Offended by the Lord’s Prayer? You should be!

There has been a minor media storm over the decision of certain cinema chains to withdraw a Church of England advertisement featuring the Lord’s Prayer.

Perhaps they were hoping to avoid controversy by avoiding religion. In reality, of course, religion is unavoidable and they have generated far more controversy than would have been the case if they had gone ahead with the advert.

The decision to refuse the advert is pretty ridiculous, but I’m sorry to see that many of its defenders have responded by insisting that the advert is not offensive. There are two issues that are being overlooked.

Firstly, there is an assumption that adverts generally are not offensive. Personally, I am offended by about ninety percent of adverts. Many of them promote values I don’t believe in, encourage consumerism, champion narrow gender stereotypes and tell me that my life will be better if I buy a load of wasteful junk. I’ve seen army recruitment adverts in cinemas, romanticising war and promoting an organisation rooted in violence and hierarchy.

If you do not share my values, these things may not offend you, but I’m sure some other adverts will. Almost anything that promotes a product or an idea will offend somebody. But I do not have a right not to be offended, and nor do you.

Secondly, the Lord’s Prayer is supposed to be offensive – at least to those who benefit from the status quo. One of its most important lines is, “Your kingdom come”. A prayer that the Kingdom of God will come is implicitly a prayer that the kingdoms and powers of this world will come to an end.

Theologians from Augustine onwards have made tortuous arguments for the idea that Christians can support both the Kingdom of God and the kingdoms they live in. But the Kingdom of God has inherently different values to the idols of money and military might that dominate our world. No-one can serve two masters.

Let’s have a look at the actual content of the Lord’s Prayer. The prayer is attributed in the New Testament to Jesus himself, although it’s likely that only parts of it were said by him and other parts were added by others.

It’s opening words are:

“Our Father in heaven, hallowed be your name.”

This may sound fairly innocuous, but in Jesus’ time, the word “father” implied authority over others. Not only was a father seen as in some sense the “owner” of his wife and children, but the Roman Emperor was described as father of the empire. According to the New Testament, Jesus encouraged his followers to “call no-one ‘father’ on earth”. Titles that involve authority belong only to God. This was subversive of both family structures and the emperor.

The prayer continues:

“Your kingdom come, your will be done, on earth as in heaven. Give us today our food for the day. Forgive us our debts as we forgive those indebted to us.”

God’s kingdom is an alternative to the kingdoms, nation-states and other powers that we live under. Jesus prayed that God’s will would be done. What does this mean in practice? The next line prays for us to be fed. If God’s will is done, everyone will have enough to eat. Jesus chose this as his first illustration of a world which follows the will of God.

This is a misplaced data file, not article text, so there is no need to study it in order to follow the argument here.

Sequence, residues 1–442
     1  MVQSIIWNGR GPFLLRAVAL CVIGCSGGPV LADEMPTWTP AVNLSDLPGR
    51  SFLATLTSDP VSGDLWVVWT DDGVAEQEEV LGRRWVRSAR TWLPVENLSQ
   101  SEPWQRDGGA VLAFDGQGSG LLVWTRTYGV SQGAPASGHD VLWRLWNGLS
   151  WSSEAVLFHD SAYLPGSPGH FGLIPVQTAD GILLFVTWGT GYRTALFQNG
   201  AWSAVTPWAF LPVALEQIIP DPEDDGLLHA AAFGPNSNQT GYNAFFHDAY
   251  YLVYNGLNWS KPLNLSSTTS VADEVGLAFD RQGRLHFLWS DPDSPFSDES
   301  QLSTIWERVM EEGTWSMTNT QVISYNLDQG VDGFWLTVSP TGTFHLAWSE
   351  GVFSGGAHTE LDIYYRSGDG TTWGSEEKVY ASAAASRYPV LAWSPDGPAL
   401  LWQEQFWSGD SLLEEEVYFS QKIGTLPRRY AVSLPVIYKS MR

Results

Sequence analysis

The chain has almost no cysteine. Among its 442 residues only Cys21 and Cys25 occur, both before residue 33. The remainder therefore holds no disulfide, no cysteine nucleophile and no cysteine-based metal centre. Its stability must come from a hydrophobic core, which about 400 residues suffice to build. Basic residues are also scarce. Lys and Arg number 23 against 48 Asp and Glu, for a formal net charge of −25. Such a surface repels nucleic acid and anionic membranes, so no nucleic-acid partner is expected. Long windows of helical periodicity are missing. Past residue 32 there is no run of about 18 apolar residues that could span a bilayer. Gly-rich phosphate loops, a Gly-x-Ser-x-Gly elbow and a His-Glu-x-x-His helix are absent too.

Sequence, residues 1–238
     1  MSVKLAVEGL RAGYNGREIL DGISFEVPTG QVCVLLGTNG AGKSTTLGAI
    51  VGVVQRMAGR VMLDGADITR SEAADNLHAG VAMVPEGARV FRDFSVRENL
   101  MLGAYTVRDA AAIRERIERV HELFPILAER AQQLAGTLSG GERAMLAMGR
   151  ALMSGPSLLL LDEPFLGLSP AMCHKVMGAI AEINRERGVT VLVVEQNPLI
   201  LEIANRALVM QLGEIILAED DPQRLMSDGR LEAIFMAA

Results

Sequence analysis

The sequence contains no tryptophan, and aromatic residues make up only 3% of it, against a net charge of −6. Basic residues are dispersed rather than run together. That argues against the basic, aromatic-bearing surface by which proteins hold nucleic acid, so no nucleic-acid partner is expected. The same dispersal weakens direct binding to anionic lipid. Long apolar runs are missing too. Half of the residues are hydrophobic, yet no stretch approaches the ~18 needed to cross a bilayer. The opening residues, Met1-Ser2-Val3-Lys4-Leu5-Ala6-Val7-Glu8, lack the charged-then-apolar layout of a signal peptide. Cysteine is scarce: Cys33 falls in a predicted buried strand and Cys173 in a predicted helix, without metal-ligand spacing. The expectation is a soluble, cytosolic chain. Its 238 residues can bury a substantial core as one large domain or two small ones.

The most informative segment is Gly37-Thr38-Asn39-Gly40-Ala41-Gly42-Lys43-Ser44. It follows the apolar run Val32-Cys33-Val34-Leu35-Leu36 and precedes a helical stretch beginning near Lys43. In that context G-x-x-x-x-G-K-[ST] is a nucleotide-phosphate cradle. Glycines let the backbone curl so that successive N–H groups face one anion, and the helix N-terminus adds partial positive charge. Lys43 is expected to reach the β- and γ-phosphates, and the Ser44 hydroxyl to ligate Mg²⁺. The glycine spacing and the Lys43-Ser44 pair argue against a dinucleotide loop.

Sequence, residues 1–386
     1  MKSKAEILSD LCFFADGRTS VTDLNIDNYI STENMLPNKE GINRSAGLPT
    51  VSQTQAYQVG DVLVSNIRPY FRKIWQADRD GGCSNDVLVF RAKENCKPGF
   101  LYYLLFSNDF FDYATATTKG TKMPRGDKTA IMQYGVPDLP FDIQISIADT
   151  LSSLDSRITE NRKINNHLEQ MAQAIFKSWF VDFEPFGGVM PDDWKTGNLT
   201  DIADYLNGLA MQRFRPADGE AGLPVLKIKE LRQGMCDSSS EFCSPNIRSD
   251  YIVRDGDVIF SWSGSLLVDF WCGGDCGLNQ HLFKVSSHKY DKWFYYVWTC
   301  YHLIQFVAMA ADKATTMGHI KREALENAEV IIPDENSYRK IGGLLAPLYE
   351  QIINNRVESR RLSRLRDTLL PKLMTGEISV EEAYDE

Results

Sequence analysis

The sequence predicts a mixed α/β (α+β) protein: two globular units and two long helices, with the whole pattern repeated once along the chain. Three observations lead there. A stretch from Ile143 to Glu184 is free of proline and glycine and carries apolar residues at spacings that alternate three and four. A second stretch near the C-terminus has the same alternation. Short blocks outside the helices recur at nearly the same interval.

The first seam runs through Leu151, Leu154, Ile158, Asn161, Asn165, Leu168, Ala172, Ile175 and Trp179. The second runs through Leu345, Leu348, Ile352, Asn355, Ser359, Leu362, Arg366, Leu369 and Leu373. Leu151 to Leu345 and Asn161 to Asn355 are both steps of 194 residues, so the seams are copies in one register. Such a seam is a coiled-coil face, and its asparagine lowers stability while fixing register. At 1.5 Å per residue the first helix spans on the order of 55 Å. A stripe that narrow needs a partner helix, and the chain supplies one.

This is followed by a prayer for the cancellation of debts. In some translations, the word is rendered “sins” or “trespasses”. It can refer both to literal financial debts, metaphorical debts and the guilt that comes with sin. It is pretty shocking to call for the cancellation of any or all of these things, and certainly contrary to the values that dominate our world, which insists that debts must be paid.

The prayer goes on:

“Save us form the time of trial and deliver us from evil. For the kingdom, the power and the glory are yours, now and forever. Amen.”

Speaking in a setting in which his followers expected persecution, Jesus prayed that God would save them from the trials and evils that they were likely to expect. He finished with a reminder that the power and glory lies in God’s hands, not anyone else’s (such as the rulers and persecutors of this world).

The Lord’s Prayer is a prayer for the overthrow of all existing social conditions. Of course some people should find it offensive.


My new book, The Upside-Down Bible: What Jesus really said about money, sex and violence, is published this week by Darton, Longman and Todd.

The labourers in the vineyard and their zero-hour contracts

My new book, The Upside-Down Bible: What Jesus really said about money, sex and violence, will be published next week. To give you a taste of it, I’ve written some short blog posts that my publisher, DLT, will be running over the next few days. I’m cross-posting them on here. Here’s the first.

Upside-Down BibleJesus spent a lot of time talking about money. It was a central theme in many of his parables.

When I showed these parables to non-Christians who were unfamiliar with them, they responded by talking about money. This is less obvious than it sounds. Christians rarely mention money when discussing these stories. We are used to being told that they are making symbolic points about salvation.

First-time readers are unlikely to do this. Like Jesus’ first listeners, they hear stories about their everyday concerns. I have found that they make varied, interesting and insightful observations – all of which Christians risk overlooking in our rush towards doctrinal conclusions.

This experience has convinced me that Christians have a lot to learn from non-Christians – about the teachings of Jesus.

Take the parable often referred to as “the workers in the vineyard”. You can find it at Matthew 20, 1-15. The story concerns a landowner who hires casual labourers for different lengths of time but pays them all the same wage.

For many readers, the issues feel close to home. In various parts of the world, farm labourers and construction workers still gather in the morning to see if anyone will hire them. In the UK, zero-hour contracts are now very common. People await a text at six in the morning to tell them if they will have work. They are the equivalent of day labourers gathering in the market place.